We are now living in a data-driven world that’s also fast-moving in nature. But at times, we need to slow down a bit and introspect if our mechanism has enough firepower to resist various cybersecurity threats, which are on a sharp rise these days. This is extremely important as incidents of data breach are at an all-time high, globally. Only last week, Kaspersky Labs revealed in its latest cybersecurity report that more than 90% global businesses are not well-equipped to combat the potential cyber-attacks at present.
In such a scenario, DSCO CyTec’s shocking revelation of a new malware strain called Maggie, sends shockwaves across the world of information and technology. Especially, the fact that Microsoft SQL servers are falling like a house of cards while being under attack by the new malware strain. Let’s delve deeper to figure out more about Maggie and weigh the intensity of its larger implications.
The worldwide hue and cry around the new malware strain of late, is quite obvious, considering the serious consequences so far. It has been learned that Maggie is mostly targeting Microsoft SQL servers, which is indeed worrying enough for international businesses.
The new malware strain is posing a serious threat as it’s enabled to perform an array of dangerous tasks like running programs, snooping-in on data and brute-forcing its way into other SQL servers. The cybersecurity analysts at DSCO CyTec, should be hailed for this immensely significant finding. They are the ones, who have termed it ‘Maggie’ as of now.
Beware of Maggie
The way the new malware strain, Maggie, is being circulated is quite alarming. It’s distributed while remaining under the veil of an Extended Stored Procedure DLL, a file digitally signed by an alleged South Korean company called DEEPSoft.
Generally, SQL query functionalities are extended by Extended Stored Procedure files with the help of an API that accepts remote user agreements and starts working with unstructured data. In the case of Maggie, this functionality is exploited to give room to threat actors as many as 51 different commands, which also include the above-mentioned ones.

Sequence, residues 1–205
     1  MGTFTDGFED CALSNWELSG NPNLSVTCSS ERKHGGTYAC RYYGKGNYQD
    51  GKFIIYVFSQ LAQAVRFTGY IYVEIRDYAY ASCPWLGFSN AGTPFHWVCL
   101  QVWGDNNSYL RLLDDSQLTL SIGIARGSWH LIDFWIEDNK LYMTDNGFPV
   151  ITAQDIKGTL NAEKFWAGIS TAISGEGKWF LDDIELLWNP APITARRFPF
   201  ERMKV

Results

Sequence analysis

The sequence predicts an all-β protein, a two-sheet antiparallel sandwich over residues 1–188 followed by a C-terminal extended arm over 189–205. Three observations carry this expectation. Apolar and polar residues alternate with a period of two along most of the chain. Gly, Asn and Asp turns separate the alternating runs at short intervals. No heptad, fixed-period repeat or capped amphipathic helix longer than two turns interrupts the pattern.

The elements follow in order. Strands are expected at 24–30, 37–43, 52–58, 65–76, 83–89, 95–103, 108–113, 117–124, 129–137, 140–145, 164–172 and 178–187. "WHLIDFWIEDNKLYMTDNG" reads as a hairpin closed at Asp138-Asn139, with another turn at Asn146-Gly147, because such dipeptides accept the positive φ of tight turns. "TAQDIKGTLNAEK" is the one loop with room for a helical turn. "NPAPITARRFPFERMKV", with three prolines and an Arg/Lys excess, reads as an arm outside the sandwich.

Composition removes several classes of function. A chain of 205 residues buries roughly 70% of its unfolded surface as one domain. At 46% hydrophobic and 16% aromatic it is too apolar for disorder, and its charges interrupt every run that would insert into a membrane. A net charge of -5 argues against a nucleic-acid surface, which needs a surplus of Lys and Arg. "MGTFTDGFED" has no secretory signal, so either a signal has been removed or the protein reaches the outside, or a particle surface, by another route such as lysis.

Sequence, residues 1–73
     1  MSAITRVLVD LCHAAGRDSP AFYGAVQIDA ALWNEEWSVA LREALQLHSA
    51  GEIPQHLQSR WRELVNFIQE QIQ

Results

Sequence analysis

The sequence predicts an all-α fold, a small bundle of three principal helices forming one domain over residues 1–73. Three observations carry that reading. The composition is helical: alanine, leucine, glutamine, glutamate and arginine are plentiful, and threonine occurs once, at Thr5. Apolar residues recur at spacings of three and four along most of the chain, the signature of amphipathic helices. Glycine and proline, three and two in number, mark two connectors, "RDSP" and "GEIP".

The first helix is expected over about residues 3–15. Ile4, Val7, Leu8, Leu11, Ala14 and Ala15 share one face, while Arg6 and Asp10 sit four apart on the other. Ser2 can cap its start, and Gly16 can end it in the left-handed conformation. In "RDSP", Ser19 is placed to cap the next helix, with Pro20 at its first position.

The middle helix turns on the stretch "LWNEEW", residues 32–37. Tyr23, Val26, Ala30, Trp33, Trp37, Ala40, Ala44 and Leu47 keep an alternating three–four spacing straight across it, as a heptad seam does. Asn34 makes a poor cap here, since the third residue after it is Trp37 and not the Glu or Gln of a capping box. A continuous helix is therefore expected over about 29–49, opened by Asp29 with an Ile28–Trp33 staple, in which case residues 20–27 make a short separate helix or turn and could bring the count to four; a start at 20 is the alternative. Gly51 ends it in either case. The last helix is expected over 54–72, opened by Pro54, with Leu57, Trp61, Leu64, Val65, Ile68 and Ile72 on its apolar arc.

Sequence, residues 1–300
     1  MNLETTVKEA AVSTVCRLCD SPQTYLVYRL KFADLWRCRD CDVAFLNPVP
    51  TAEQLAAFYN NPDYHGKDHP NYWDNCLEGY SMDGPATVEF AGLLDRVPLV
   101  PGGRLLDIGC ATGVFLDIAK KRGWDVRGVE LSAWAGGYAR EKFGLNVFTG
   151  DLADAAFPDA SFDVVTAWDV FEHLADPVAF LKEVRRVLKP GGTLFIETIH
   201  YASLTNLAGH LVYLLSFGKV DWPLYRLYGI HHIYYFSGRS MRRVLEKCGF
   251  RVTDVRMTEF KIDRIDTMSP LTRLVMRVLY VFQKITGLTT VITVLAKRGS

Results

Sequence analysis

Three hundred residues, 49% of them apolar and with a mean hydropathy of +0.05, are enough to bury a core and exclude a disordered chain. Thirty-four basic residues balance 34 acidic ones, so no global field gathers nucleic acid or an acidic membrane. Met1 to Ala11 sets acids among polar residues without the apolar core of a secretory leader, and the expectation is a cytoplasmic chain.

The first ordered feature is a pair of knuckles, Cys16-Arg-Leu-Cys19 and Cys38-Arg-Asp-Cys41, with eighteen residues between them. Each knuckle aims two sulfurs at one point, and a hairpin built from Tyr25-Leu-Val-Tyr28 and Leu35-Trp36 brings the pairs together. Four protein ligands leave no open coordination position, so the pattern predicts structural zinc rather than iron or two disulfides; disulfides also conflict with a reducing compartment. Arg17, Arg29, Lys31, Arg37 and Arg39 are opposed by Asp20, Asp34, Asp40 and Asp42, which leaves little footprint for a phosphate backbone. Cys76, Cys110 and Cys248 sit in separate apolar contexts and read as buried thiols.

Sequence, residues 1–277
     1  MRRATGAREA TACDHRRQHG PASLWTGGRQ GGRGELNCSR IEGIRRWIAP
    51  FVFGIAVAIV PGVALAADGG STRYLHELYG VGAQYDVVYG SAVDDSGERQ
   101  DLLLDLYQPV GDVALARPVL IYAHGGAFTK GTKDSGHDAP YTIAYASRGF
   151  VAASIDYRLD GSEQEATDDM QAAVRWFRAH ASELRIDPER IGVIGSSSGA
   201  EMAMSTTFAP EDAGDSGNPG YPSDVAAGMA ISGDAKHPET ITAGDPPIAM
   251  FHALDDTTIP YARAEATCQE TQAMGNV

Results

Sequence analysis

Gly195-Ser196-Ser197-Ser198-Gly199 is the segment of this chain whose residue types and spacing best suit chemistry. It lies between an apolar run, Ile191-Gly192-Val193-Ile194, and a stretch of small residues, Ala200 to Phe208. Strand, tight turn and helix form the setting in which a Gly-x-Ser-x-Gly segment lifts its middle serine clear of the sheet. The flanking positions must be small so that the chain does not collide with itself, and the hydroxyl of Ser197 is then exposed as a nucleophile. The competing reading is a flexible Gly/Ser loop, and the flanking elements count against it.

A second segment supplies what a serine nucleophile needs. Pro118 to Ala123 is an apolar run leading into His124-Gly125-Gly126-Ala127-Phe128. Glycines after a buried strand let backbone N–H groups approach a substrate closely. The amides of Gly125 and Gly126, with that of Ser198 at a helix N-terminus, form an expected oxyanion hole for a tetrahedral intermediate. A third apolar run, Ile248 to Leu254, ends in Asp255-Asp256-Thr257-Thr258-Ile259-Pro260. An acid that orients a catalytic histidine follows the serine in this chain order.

Extra Cushion of Caution
The researchers at DSCO CyTec, have found that the new malware strain, Maggie is operated by SQL queries. It has been further learned that these SQL queries let it know about the commands needed to be executed and the files required to be accessed. The analysists from DSCO CyTec, have enlightened us that this dangerous new malware strain has already infected hundreds of endpoints across the globe, with most of the regions located in South Korea, India, Vietnam, China, Russia, Thailand, Germany and the United States.
After discovering that Maggie attacks Microsoft SQL servers and comes with a wide range of functionalities, it can be concluded that it was designed as a corporate espionage tool. But we are yet to know the exact details about the threat actors responsible for Maggie, their location, prime targets and mode of landing the malware on these servers (opens in new tab).
“In order to install Maggie, an attacker has to be able to place an ESP file in a directory accessible by the MSSQL server, and has to have valid credentials to load the Maggie ESP into the server,” the researchers at DSCO CyTec stated. “It is unclear how an actual attack with Maggie is performed in the real-world.”
Taking everything into consideration, it goes without saying that business around the world, irrespective of their domain, must consider reinforcing their cyber protection to a great extent and that too on a war footing. Otherwise, they might need to pay a steep price by falling prey to emerging cyber-threats like this new malware strain, Maggie.